Despite its name, Moor Sands Beach is quartz rock rather than sand or shingle. It looks wonderful when the seashore catches the light just right. This is one of Devon’s most challenging beaches to reach, but it’s also one of the most tranquil. This is the beach you go to if you want some peace and quiet away from the throng.
Crow Point is one of Devon’s best-kept secrets for those who want to avoid the throng. Crow Point, which is part of a UNESCO Biosphere Reserve and located at the confluence of two rivers, has magnificent sand dunes and a diverse range of animals.
These estuaries are usually fantastic for wildlife, and there are many of unique plant and animal species to see alongside England’s biggest sand dune environment. There are lots of walking paths around the biosphere reserve once you’ve finished visiting the coastline. You’ll be walking through some of Devon’s most beautiful countryside, which is a great way to spend an afternoon.
Fishcombe Cove, hidden up under towering red cliffs, is another of Devon’s quieter, more isolated beaches. It’s a shingle beach with surrounding rock faces protecting it from the weather. There are no facilities on the beach itself, and it’s a hard trek down several stairs carved into the rock face.
The view from the top is worth it, as is the seclusion granted to anybody who makes it down. You could even see an inquisitive seal or two if you’re lucky; they’re known to frequent the calm seas and it’s not uncommon to see one sunning itself on the rocks. Just keep an eye out for these friendly giants. The Fishcombe Cove Café, located on the clifftop, provides a variety of food and drink, which you’ll be hankering for by the time you’ve climbed back up the stairs.
Woolacombe has long been a famous vacation destination in North Devon, with its magnificent three-mile-long sandy beach being one of the primary attractions. This beach may get crowded in the summer, but it’s a family favorite that’s guarded by RNLI lifeguards and ideal for first-time surf training, with numerous surf schools positioned along the beach’s length.
It also offers a number of amenities, such as beach huts, outdoor showers, and public restrooms. During the calmer winter months, you may walk the dogs on the beach and take advantage of the lesser crowds. Woolacombe itself has a lot to offer in terms of things to see and do, with a variety of pubs, restaurants, nightclubs, and coastal walks to keep everyone occupied during their visit.
Blackpool Sands is likely to win the title for most deceptive beach name in Devon. This shingle beach in south Devon is not in Blackpool, nor is it sandy, but it is a real idyll. Native woods stretches right up to the edge of the beach, giving it a natural appearance that is uncommon in a nation where beaches are typically exploited for human habitation.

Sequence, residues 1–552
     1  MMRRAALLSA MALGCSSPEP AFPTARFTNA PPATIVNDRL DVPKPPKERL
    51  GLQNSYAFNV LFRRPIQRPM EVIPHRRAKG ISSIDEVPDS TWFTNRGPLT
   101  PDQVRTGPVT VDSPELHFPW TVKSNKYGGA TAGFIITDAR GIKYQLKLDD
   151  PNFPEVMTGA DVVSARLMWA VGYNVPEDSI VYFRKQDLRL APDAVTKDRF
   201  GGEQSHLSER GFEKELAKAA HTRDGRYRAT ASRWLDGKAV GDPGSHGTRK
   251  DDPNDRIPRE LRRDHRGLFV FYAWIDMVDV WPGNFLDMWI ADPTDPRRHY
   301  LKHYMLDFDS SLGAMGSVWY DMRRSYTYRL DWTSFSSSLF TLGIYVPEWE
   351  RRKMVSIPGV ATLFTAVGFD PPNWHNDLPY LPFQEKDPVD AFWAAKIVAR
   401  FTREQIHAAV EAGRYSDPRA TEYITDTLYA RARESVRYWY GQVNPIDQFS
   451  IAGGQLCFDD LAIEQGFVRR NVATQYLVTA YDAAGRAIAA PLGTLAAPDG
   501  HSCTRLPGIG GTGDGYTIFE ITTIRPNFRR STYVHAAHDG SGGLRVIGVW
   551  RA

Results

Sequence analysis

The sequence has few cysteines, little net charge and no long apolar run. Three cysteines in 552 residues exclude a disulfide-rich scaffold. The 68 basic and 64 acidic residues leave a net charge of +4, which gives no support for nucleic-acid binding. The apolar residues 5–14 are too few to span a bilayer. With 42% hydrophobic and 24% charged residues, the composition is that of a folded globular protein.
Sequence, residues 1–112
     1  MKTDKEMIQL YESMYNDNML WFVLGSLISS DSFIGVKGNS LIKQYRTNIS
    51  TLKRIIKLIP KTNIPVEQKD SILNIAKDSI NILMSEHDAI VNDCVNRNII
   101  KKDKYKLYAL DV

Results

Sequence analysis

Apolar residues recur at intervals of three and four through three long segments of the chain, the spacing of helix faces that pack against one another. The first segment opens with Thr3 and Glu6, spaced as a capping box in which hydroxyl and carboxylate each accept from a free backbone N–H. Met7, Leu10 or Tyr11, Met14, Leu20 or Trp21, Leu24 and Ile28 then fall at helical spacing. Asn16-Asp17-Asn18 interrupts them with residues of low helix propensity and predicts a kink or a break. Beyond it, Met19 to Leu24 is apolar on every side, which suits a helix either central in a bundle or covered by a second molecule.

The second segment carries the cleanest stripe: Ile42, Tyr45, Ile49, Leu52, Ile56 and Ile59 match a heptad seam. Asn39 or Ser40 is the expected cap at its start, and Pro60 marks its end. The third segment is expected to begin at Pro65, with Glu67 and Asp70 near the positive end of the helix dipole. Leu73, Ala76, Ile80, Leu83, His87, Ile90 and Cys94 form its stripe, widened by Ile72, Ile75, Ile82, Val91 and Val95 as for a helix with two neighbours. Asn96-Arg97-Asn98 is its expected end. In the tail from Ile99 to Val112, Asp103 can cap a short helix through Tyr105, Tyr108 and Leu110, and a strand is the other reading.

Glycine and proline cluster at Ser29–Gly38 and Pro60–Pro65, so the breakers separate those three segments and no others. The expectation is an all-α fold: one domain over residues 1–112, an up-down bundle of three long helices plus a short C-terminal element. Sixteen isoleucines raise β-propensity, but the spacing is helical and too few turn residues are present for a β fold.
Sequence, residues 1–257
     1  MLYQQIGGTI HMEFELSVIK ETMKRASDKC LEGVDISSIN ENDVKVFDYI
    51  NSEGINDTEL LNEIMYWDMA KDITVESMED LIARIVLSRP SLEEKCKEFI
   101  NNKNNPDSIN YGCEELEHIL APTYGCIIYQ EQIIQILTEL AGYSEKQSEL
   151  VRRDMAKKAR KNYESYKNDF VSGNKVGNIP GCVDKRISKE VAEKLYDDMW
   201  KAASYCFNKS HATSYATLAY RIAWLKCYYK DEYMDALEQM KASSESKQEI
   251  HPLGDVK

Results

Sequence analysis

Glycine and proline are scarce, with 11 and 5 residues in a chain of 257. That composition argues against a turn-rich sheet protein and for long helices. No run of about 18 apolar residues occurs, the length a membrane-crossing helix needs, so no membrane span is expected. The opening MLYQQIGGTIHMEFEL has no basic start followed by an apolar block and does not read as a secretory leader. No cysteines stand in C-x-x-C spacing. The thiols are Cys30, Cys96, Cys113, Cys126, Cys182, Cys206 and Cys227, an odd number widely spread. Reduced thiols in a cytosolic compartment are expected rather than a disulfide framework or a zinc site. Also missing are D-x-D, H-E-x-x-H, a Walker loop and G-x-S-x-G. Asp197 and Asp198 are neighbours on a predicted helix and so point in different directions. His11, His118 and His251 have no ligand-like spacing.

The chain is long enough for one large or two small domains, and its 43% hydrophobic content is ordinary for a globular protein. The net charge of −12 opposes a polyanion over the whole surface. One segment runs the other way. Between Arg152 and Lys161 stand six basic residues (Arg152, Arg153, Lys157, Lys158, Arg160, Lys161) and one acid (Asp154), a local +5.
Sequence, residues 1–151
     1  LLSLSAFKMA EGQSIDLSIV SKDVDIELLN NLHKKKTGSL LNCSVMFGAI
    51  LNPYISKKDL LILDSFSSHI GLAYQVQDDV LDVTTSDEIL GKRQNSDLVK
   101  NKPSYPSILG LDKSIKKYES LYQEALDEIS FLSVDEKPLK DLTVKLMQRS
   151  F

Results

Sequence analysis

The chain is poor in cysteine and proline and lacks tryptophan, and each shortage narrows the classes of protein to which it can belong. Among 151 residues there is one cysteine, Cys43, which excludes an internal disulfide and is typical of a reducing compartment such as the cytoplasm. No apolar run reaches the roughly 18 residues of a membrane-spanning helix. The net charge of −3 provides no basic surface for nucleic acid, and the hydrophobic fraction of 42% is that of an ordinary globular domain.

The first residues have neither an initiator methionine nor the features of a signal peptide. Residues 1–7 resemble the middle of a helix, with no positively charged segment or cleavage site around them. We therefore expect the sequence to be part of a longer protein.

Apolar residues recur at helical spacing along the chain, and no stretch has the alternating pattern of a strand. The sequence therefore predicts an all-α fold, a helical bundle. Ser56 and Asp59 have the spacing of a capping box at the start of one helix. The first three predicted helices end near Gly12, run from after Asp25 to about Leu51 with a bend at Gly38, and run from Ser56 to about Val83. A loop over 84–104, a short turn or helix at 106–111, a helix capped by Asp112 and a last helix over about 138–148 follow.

However, the beach’s remote appearance does not imply that it is inaccessible; it is only a 15-minute drive from Dartmouth.
The clean sea is best explored by kayak or paddleboard, both of which may be rented at the beach’s watersports equipment rental store, while the Venus Café on the beach provides refreshments.
Beach in Bantham, England
Bantham Beach, popular with surfers, extends along the Bigbury Bay shoreline and is easily accessible from South Devon’s main towns and villages. The beach is located near the mouth of the River Avon and is kept in a naturalistic manner, so there is usually lots of wildlife to view.
This technique also makes the beach visually appealing – it was the sole English spot on Lonely Planet’s list of the 10 Best Beaches in Europe in 2015. You should go to the Gastrobus if you’re becoming hungry. The converted bus is permanently parked at the beach, serving beverages, pizza, burgers, sandwiches, brownies, cookies, and more, with picnic tables providing a lovely setting to sit and enjoy your meal.
If you’re visiting Devon, there’s a good chance you’ll be spending a lot of time at the beach. Devon’s beaches provide a wide range of experiences. Sand and shingle beaches, small and big beaches, quiet beaches, and beaches that back onto some of the county’s most popular towns and villages are all available.
Whatever your dream beach day entails, you’ll be able to find it here. Devon offers several fantastic beaches to visit, whether it’s for sunbathing, surfing, wildlife viewing, or drinking a refreshing pint while admiring a breathtaking vista.